Could the chemistry of marijuana lead to drugs that reduce cravings for cocaine or that serve as opioid alternatives? Maybe. This post from Scientific American discusses how finding out for sure may require loosening up research restrictions
Debate over whether pot is a gateway drug that leads to more serious abuse problems—think heroin or cocaine dependence—has raged on seemingly forever. But what if the gate swings the other way? What if the marijuana plant contains chemicals that might help a user avoid or get off the hard stuff?
The Society for Neuroscience’s gargantuan annual fall gathering last week in San Diego, which draws an attendance each year in the tens of thousands, witnessed presentations that suggest the cannabis plant could become a source of drugs for combating addiction.
At the meeting, a group from the Scripps Research Institute in La Jolla, Calif., reported on preliminary research showing that a non-psychoactive marijuana constituent, cannabidiol, can quell urges for cocaine in rats trained over three months to compulsively crave a drug. Researchers allowed rats to dose themselves at will with cocaine until they became addicted. At the end of the period, they gave some of the animals transdermal patches that provided an infusion of cannabidiol. Rats that received the patches reduced cocaine intake, whereas the ones that didn’t continued to consume as much cocaine as before. Other researchers—from Miguel Hernandez University in Spain—reported on an initial study showing that cannabidiol reduced alcohol consumption, as well as the desire to drink and any impulse toward relapse.
Another possible measure discussed at the meeting would steer pain sufferers away from opioids by recruiting the signaling system in the brain that is triggered by marijuana, and by the pot-like chemicals (endocannabinoids) that the body produces on its own. A chemical in pot, tetrahydrocannabinol (THC), can alleviate pain but it also makes the user high by interacting with a particular docking site, the CB1receptor, on brain cells. Scientists from Indiana University found a possible way to treat intransigent neuropathic pain—the kind produced by nerve damage—by using a molecule that enhances the effects of endocannabinoids. The result was long-lasting pain relief without intoxication. Another presentation came from Abide Therapeutics, a San Diego-based biotech company, which showed that a drug that raises levels of an endocannabinoid, 2-AG, might help treat chronic pain.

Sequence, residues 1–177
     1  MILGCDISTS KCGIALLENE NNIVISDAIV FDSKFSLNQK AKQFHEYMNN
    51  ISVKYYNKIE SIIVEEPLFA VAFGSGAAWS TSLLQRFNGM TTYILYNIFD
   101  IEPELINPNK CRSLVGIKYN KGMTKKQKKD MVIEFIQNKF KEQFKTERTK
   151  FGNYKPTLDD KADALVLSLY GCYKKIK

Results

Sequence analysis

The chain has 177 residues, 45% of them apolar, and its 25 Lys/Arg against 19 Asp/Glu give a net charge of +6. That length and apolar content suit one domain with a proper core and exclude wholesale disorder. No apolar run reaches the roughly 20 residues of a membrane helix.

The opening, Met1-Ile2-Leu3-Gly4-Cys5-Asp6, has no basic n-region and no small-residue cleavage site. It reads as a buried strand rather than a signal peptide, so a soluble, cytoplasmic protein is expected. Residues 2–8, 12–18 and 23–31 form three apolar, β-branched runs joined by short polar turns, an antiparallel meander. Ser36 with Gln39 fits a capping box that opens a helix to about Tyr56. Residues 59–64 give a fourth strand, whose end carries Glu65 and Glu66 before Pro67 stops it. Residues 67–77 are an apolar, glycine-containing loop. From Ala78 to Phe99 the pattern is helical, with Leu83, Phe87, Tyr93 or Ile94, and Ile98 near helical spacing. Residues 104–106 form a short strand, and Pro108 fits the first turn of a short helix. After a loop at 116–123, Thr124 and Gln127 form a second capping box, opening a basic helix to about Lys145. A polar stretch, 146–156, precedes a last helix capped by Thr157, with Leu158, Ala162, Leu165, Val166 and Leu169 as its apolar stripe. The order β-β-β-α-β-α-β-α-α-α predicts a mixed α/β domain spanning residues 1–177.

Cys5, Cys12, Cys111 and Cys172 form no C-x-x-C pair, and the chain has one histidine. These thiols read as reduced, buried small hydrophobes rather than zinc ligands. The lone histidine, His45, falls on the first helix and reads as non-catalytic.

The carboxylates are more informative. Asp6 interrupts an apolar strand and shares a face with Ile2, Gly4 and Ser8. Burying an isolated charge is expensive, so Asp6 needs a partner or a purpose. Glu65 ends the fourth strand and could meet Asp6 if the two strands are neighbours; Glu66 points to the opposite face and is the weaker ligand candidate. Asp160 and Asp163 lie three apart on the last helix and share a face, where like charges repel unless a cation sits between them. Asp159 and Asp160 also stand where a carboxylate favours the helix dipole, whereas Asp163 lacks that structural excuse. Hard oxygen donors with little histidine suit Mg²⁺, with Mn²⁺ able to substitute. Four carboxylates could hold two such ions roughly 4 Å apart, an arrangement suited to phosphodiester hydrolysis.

Marijuana is chemically complex, and the plant’s therapeutic potential comes freighted with its own paradoxical entanglements. Pot ingredients may reduce cravings for some drugs, for example, but they may also produce dependence among teenagers. At the conference, scientists from the University of California, Los Angeles discussed early research, which found that behavioral therapy techniques that tamp down negative emotions might be effective in reducing cravings for marijuana. In attempts to find out what helps and what doesn’t, scientists who research the benefits and perils of cannabis still face enormous challenges in working with the plant, despite the growing trend toward legalization. Margaret Haney, a professor of neurobiology at Columbia University Medical Center (as well as director of Columbia’s marijuana research laboratory and co-director of its substance use research center), told an SFN press conference that “our scientific understanding of the therapeutic potential of the marijuana plant is really in its infancy.”
Haney described continuing difficulties in conducting research on the plant. “Even cannabidiol, which has absolutely no psychoactive or abuse-related effects, [must be treated] like it’s heroin and it’s locked up in a triple drug-safe room. The regulations make studying the plant and its components extremely tricky.”
“The FDA (Food and Drug Administration) and the DEA (Drug Enforcement Administration) are pretty fierce,” Haney said. I think everybody—no matter where you stand in this medical marijuana discussion—everybody agrees we need research because society has moved ahead. [Users are] taking any combination of marijuana and believing that it’s curing 96 ailments. We need research on this, and it’s extremely difficult. Nothing has loosened up, and I’ve been studying it for 20 years.”
“It’s been very difficult to be a cannabis researcher and see society move ahead with no input from the scientific community. There’s been very little consideration of science on this topic,” Haney added. “I’m very concerned that the whole country has decided to believe the medical properties of marijuana, [and] I believe there are some, but we have to decide and test for which indication and under what conditions. It’s just an open-door policy and [people] are being swayed by marketers. Marketers are telling patients what kind of cannabis is good for PTSD vs. migraines, and that’s not based on anything.”
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